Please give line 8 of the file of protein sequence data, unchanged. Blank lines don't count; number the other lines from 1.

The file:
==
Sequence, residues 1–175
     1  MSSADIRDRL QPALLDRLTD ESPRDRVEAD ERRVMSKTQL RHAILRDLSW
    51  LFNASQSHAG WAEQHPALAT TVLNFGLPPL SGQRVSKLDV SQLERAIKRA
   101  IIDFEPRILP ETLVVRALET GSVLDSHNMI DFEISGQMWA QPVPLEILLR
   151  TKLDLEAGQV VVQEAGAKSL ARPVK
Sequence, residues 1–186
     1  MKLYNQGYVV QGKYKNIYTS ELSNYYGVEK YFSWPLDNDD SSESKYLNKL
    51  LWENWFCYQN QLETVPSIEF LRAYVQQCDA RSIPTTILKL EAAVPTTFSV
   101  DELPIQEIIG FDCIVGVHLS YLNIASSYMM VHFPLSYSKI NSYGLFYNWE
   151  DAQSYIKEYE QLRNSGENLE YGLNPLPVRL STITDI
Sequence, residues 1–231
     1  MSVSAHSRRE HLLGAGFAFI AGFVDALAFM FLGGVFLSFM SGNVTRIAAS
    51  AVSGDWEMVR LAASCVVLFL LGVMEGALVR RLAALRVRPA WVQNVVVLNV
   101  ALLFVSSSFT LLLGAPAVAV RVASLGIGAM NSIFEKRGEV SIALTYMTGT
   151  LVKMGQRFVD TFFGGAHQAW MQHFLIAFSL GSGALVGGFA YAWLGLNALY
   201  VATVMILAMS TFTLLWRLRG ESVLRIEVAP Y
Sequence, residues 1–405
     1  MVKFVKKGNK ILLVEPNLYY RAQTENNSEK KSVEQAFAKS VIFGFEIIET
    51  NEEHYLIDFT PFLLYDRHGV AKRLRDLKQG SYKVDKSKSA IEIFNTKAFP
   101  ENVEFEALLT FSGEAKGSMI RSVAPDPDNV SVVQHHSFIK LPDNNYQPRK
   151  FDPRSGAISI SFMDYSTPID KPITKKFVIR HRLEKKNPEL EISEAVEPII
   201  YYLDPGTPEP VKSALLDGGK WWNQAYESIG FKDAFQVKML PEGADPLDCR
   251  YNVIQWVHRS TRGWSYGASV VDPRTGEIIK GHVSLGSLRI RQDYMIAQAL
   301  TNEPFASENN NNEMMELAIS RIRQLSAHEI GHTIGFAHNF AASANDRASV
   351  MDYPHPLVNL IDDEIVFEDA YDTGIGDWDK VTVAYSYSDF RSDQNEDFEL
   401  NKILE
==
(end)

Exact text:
    51  LWENWFCYQN QLETVPSIEF LRAYVQQCDA RSIPTTILKL EAAVPTTFSV